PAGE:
All hospital deaths in Peterborough, Stamford and Hinchingbrooke to be reviewed by consultants

The trust which runs Peterborough City Hospital has appointed 10 new consultants who will review all deaths across its three hospitals.

Friday, 22nd March 2019, 8:46 am
Updated Monday, 25th March 2019, 4:46 pm
New medical examiners at the trust

North West Anglia NHS Foundation Trust is implementing a new initiative on April 1 following the introduction of a new national system of medical examiners. This is being launched in England and Wales from April and the aim is to review all deaths in acute hospitals.

A total of 10 medical examiners have been appointed across the trust with seven at Peterborough City Hospital and three at Hinchingbrooke Hospital.

Patients in Stamford will be brought into Peterborough City Hospital.

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Medical examiners are experienced consultants and their role is to carry out a proportionate review of the medical records, discuss the case with the attending physician and speak with the family of the person who has died.

Medical examiners will support junior colleagues to improve the accuracy of completing the death certificate, answer relatives’ questions and escalate any concerns.

The Medical Examiner system will provide much needed support for bereaved families and help improve patient care. Medical examiners will identify cases for further review where lessons can be learnt in improving patient care. They will also work closely with the existing clinical governance process within the trust. They will not replace existing mortality reviews or national audits.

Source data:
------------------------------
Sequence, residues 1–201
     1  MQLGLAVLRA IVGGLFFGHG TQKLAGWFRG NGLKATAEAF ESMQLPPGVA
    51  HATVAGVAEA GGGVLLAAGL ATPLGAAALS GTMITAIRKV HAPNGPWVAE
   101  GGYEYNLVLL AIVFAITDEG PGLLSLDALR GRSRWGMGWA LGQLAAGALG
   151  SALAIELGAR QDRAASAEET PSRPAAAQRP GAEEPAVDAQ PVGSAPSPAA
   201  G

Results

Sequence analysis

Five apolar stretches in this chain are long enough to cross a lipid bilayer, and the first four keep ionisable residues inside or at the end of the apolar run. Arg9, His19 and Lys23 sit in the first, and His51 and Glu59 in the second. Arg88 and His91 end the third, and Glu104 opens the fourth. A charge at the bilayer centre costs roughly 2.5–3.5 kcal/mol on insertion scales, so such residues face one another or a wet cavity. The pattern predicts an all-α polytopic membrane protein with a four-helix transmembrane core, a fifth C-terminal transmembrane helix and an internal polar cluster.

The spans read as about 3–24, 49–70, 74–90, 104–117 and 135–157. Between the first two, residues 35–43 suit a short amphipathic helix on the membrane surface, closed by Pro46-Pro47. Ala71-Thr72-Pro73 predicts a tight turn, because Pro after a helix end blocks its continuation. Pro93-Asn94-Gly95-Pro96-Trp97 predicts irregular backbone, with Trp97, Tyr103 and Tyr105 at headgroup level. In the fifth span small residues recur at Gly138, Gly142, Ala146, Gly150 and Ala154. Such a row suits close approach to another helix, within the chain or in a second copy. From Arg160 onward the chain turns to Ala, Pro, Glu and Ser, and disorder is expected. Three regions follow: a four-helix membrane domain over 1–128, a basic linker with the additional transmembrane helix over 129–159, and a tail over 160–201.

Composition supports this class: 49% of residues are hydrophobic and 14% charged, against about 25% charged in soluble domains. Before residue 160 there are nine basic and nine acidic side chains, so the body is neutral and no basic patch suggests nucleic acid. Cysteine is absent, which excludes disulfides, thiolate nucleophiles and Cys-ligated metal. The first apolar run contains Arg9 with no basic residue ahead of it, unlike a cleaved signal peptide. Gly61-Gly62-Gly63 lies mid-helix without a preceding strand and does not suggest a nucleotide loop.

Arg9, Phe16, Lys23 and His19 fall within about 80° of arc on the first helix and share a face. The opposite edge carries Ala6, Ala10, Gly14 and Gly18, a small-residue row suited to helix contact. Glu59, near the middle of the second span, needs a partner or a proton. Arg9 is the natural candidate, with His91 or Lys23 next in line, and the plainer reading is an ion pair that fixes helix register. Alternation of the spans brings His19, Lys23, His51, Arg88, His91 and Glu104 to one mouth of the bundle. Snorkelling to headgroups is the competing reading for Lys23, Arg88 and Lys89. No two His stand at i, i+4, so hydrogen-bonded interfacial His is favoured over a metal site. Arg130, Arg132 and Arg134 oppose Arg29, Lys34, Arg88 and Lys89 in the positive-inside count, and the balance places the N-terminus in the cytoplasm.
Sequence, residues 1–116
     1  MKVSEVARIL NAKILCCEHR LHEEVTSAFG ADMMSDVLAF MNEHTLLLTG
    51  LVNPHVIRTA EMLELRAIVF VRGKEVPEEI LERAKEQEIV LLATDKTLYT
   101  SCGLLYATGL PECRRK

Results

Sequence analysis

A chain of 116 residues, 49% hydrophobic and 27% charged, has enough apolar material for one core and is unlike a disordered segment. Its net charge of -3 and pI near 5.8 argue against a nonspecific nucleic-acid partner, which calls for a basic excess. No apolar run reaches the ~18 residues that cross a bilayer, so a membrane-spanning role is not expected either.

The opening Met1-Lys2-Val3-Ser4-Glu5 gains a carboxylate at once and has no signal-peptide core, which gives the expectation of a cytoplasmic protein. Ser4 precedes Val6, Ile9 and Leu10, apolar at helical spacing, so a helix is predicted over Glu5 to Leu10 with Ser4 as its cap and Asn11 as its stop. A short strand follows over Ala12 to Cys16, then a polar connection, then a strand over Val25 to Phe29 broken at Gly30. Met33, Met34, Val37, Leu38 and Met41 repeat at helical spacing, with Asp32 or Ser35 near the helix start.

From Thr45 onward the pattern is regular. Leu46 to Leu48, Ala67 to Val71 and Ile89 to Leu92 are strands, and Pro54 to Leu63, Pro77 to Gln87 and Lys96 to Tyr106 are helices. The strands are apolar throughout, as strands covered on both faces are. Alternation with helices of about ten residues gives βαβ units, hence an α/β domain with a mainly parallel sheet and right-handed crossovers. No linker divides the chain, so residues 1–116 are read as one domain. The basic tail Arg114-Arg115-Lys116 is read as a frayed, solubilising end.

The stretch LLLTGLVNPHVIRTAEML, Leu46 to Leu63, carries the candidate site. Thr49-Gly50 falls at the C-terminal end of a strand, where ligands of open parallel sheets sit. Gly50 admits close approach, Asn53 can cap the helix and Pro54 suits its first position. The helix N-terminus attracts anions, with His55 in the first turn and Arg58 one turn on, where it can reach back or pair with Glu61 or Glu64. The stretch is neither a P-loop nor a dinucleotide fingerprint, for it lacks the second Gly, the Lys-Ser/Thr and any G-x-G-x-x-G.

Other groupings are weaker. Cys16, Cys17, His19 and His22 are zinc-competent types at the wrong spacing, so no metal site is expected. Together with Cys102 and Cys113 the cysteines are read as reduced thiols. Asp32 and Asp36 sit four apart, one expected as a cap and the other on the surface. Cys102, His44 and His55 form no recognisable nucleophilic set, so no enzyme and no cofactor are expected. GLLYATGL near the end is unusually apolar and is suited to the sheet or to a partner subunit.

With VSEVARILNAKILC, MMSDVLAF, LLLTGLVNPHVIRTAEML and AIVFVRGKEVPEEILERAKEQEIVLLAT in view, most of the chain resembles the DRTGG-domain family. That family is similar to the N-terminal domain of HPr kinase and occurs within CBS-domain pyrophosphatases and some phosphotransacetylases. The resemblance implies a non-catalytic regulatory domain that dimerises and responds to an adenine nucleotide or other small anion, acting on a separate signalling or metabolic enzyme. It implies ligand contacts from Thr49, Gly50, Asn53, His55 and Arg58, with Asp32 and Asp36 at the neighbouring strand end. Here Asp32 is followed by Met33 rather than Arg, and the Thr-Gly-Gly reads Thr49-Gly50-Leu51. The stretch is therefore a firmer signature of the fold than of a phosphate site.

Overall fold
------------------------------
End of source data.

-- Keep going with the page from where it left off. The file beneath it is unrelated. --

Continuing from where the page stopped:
Suzanne Hamilton, deputy medical director at the trust, said: “The new process will mean all deaths are reviewed by a consultant. There will be an opportunity for the relatives to speak with the medical examiner so if there are any concerns they can be fed back immediately.

“The standard of care within the organisation should improve and it will provide a good learning opportunity for the junior doctors who complete the death certificates.”

Special training is required in order to become a medical examiner, including completing 26 e-learning modules and attending a one-day learning event.

“This event includes contributions from patient groups, the faith community, a senior coroner and the national medical examiner.

Peterborough City Hospital held a one-day learning event on March 18.